Fear, Problem Child and The Fan (Retro VHS): Blu-Ray Reviews

Last week, Mill Creek released a trio of 90’s films as part of their Blu-ray Retro VHS series. There is Dennis Dugan’s 1990 family comedy, Problem Child, starring the late-great John Ritter. Next ,we have Robert De Niro and Wesley Snipes in what is arguably one of the late Tony Scott’s worst films, 1996’s The Fan. Finally, we have another 1996 thriller, James Foley’s Fear, starring future stars Mark Wahlberg and Reese Witherspoon. Out of the three films, this one is easily the best. However, I always found enjoyment in the first two Problem Child films (there is a 3rd film in the series, but not worth talking about).

Let me start off with the lesser title, The Fan. What was so frustrating about film was that it had so much great talent. While Tony never quite reached the level of notoriety as his brother Ridley, he was just as gifted as his sibling behind the camera. The two filmmakers were so very different in their styles and yet so effective. While The Fan was clearly a Tony Scott project, it lacked the energy and passion that I had come to expect. While the entire cast was strong and did their best, the film ultimately didn’t work.

What’s surprising though is how poorly this 1080p presentation looks. This is the very first stand-alone release for The Fan and one would think that with the pedigree of talent involved a lot more care would have gone into the presentation. Unfortunately, The Fan Blu-ray looks about as good as an upscaled DVD.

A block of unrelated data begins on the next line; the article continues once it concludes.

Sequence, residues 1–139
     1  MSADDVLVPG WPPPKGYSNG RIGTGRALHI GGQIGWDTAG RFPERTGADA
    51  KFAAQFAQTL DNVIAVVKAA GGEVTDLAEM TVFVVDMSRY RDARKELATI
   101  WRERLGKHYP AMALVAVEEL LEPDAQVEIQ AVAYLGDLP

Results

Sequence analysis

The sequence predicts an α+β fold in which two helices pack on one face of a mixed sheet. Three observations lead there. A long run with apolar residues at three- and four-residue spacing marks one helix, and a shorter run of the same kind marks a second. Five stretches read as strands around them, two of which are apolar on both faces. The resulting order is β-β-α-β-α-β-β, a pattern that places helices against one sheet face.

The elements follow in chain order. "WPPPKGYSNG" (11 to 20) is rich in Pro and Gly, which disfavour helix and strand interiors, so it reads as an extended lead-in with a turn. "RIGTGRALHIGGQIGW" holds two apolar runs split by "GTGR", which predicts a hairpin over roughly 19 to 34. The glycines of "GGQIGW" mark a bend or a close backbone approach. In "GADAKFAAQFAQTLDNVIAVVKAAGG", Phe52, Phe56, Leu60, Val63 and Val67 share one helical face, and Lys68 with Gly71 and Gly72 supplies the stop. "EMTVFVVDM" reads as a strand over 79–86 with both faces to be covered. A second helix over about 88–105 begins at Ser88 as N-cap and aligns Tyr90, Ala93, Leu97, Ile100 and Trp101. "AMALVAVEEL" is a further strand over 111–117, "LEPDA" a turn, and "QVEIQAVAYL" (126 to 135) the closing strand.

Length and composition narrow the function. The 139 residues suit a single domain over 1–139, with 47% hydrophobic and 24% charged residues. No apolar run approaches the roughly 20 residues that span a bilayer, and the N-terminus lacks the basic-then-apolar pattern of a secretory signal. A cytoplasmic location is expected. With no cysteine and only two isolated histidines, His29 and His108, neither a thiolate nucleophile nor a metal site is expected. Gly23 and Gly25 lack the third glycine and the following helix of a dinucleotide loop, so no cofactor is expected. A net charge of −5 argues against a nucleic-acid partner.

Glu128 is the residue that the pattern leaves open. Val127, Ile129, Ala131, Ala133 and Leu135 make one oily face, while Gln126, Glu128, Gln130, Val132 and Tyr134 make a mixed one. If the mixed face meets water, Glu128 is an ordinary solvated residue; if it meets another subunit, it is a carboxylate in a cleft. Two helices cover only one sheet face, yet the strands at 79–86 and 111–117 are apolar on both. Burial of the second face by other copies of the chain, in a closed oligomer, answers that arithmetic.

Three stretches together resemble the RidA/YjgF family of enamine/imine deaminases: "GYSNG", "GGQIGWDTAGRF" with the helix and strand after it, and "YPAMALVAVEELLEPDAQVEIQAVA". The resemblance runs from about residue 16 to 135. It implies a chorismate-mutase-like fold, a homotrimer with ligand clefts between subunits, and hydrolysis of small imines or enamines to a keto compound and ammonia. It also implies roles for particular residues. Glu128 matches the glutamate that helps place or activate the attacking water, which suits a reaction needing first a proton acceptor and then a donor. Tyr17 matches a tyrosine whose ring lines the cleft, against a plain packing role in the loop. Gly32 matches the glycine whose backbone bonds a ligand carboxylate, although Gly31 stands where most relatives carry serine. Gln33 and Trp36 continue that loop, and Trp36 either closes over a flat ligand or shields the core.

Let’s move on to Problem Child. While not actually a good film, this one has its’ charms, which mostly come from John Ritter’s hapless Ben Healy, who is so excited about becoming a father, when he and his wife Flo (Amy Yesbeck) adopt the red-headed troublemaker, Junior (Michael Oliver). They soon realize they may have taken on more than they can handle when Junior’s devilish antics wreck-havoc on their lives. Ritter is the heart and soul of the film (and its’ sequel) and if you were ever a fan of his, you probably like Problem Child as well.

Mill Creek’s release of this film looks pretty much the same as the one from Universal a few years back. Problem Child actually looks quite good here. Due to it being a studio family comedy from the 90’s, it features a lot of daytime shots with bright locations, giving it a fun feel. I was quite please with the overall presentation.

Finally, we get to Fear and I am sad to say that this is the most disappointing release this week. While the presentation doesn’t look as bad as The Fan, the big difference here is that I have always loved Fear. Aside from the strong performances from the leads, William Petersen also gives a memorable turn as the concerned father. However, the film’s setting is also a strong element. Filming took place in Seattle, Mercer Island and Vancouver in the 90’s, which also helps give Fear that gloomy grunge feel. This transfer nearly strips all of that away. I would love to see a 4K restoration from the original film elements one day, but I doubt that would ever happen.

By: Marc Ferman